Freeskier Jackie Passo On Being an Elite Athlete While Pregnant


Pregnancy is no easy feat. Neither is skiing the biggest runs in the world. Combining those? That’s next level. 

Post-pregnancy now, and traveling the world with her one-year old son, Tor, we caught up with international freeskier Jackie Paaso, 40, to find out how she makes the extreme look so effortless. 

Image by Cham_Ddaher

You kept skiing right through your pregnancy. How did you modify your activity on the slopes?

Jackie Passo: I skied up until one day past Tor’s due date. He was almost two weeks late. For me, other [skiers] were the biggest challenge. I’d make sure to pick areas that had less traffic at the resort. Sometimes I’d do a mellow ski tour with my dogs, and then just cruise down. I really tried to avoid crowds.

Did it feel different?  

JP: As far as my body felt…I felt OK for the most part. It felt weird to have a big belly—things felt a little different. 

I was skiing off-piste (in the backcountry) until I was seven months pregnant, but one day I took a tumble into a stream. I stopped myself from falling hard, but my reaction time was different. I realized that I had no business skiing in that type of terrain right then. You can’t ski like you normally can when you’re seven months pregnant. So I started to stick with easier ski touring, to just try to stay active.  

I stopped flying (hit pause on traveling) when I was seven months pregnant, too. 

Image by Fiberbrunn_Thaller

What advice would you offer other active moms?

JP: You’re tired. It doesn’t matter if you want to sleep because there’s someone else waking you up. I’m fortunate because I’ve had friends who’ve shared their stories with me. And I’ve had physical therapists who help make sure I don’t overdo it. I mostly try not to stress that I’m not back to where I was. You don’t sleep the same as a new mom, or have the same amount of time to train. I try not to stress about it. It’s more important to remember that he’s OK.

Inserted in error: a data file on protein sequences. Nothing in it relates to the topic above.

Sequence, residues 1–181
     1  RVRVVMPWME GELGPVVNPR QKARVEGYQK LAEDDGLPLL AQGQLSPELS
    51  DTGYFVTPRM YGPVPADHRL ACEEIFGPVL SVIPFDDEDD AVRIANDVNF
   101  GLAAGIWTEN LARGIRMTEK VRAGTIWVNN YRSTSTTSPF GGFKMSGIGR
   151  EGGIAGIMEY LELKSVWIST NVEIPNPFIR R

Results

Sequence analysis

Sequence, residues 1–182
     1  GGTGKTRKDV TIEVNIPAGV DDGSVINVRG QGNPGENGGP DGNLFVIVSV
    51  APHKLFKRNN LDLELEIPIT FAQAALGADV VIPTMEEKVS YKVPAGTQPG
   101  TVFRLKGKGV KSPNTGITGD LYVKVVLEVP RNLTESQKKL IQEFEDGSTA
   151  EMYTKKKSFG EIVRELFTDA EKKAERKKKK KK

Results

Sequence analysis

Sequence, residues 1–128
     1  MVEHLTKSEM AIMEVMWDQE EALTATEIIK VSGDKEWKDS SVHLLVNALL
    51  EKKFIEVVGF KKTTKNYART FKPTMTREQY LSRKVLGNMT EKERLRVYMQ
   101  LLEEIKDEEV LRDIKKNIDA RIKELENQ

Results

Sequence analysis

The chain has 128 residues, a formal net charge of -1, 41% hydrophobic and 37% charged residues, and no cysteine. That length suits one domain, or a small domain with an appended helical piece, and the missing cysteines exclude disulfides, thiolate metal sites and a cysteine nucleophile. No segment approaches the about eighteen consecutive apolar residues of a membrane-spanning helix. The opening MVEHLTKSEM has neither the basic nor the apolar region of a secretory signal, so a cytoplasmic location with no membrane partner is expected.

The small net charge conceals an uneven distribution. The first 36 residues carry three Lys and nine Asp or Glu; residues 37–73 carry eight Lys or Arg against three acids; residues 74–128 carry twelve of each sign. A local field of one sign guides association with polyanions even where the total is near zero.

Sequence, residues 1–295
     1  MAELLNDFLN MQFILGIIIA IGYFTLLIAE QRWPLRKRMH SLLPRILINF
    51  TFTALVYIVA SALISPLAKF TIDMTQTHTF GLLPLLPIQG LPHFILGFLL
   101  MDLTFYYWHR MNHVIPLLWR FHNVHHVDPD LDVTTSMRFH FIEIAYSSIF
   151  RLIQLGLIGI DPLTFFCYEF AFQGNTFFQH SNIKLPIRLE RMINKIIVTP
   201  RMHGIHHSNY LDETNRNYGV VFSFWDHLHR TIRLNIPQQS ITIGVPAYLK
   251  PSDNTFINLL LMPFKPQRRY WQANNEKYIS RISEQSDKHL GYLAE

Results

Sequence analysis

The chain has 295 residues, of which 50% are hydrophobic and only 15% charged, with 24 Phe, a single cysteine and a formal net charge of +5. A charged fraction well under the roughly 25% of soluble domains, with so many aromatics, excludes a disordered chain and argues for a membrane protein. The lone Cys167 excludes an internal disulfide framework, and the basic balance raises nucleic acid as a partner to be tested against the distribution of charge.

OK, so—what’s the best part of being a mom and a professional athlete?

JP: The best part—if he can continue having this active lifestyle—would be to show [Tor] the world along with different activities, and then see what he’s excited about. He might not like skiing when he gets older. But if he can find something he’s passionate about—that would probably be the most exciting thing. Having something you’re really passionate about and sharing that with your child, and then sharing the importance of having a passion—that’s huge.

Tor is enjoying himself when he travels. He started walking a couple months ago, too. 

Image by Jackie Passo

What’s next for you and Tor?

JP: Elyse Saugstad and I are producing a film project. And Leanne Pelosi is joining us in Alaska to film. We’re mothers and athletes, so we’re making a ‘mockumentary’ that touches on some of the challenges we experience. We hired a director and there’s a storyline. We’re having fun with it. Our little boys are not the center of the story but they get to play these silly characters. The project is tentatively called: Here, Hold My Kid.

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